The meteorology curriculum at Valparaiso University (VU) is continuously evolving as new technology arises, and this includes Python. Python is becoming a staple in many VU meteorology courses, where an ever-increasing number of packages and libraries are in use. Adding a new programming language to the educational mix can create a steep learning curve for college students who lack a programming background, but we feel that an early introduction to Python helps to prepare students for immersion into the job market or further education in graduate school.
Students begin their Freshman year on a journey of meteorological education juxtaposed with the opportunity to build important computer programming skills. They begin with the basics of data analysis using Numpy, Pandas, etc. and leave the university with a full toolbox of Python knowledge. Students learn to create upper air soundings with a Skew-T using MetPy, make maps with Cartopy, and do surface, satellite, and model data analysis using a variety of atmospheric science applications including Unidata’s MetPy and Siphon packages. The resulting analyses are used for local, regional, continental, and global weather discussions. Our students regularly use their technical skills to answer meteorologically-relevant questions related to forecasts and research.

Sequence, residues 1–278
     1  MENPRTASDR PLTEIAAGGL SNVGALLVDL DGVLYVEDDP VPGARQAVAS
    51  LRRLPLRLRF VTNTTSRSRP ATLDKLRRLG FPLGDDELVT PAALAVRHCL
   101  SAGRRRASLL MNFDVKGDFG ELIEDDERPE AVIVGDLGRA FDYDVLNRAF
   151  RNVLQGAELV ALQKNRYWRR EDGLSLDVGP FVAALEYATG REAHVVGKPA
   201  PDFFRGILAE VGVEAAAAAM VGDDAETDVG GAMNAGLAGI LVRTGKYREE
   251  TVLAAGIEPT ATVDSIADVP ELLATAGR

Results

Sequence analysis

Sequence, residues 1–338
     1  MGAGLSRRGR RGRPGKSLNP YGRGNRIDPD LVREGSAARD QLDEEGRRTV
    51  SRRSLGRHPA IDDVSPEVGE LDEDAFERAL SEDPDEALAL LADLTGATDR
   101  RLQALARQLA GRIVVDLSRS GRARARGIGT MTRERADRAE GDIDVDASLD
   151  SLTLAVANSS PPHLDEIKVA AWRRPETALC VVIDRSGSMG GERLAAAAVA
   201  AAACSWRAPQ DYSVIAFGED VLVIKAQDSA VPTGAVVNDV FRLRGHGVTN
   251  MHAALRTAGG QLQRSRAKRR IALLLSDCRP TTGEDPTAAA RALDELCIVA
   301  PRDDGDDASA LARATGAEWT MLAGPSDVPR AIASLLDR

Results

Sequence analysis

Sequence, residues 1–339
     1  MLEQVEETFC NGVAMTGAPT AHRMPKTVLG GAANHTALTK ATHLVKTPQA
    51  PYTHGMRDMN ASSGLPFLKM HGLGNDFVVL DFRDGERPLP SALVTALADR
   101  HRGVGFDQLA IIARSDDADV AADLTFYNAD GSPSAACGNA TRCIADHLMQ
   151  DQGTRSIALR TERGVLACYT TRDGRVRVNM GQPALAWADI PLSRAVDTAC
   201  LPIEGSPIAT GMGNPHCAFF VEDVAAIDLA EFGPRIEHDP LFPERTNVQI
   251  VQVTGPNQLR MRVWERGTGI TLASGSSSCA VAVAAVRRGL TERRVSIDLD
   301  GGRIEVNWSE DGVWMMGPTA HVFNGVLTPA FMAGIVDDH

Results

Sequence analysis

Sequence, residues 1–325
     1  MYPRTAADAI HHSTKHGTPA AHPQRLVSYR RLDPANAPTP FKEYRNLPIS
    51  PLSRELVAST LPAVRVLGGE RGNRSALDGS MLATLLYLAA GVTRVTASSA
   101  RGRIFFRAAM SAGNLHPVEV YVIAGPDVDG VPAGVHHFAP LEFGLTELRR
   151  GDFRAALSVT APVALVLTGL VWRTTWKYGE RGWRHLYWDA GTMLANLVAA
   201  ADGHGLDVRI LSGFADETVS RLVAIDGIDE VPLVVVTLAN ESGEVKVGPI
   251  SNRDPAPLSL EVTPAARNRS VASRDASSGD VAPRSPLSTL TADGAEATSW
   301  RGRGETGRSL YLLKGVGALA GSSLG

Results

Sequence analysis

Above, students are shown engaged in a map discussion around recent light lake effect snow that occurred over the Valparaiso area. The image on screen is shown at left; it was generated from a Jupyter notebook using methods to plot GOES-16 satellite data, NEXRAD Radar data, and ASOS surface observations together on a map with Cartopy, Metpy, PyArt, and other Python packages.
Python is not only used in the teaching curriculum at VU — it is also important for the analysis and plotting of data collected by the department. Data from a 5-cm Doppler RADAR on the VU campus is processed using the PyArt package, and GOES-16 satellite data is processed using MetPy; both are plotted using the Cartopy package. Future work will include the combination of VU’s northern Indiana surface observation network with NWS ASOS stations to create surface analysis figures using MetPy and Cartopy.
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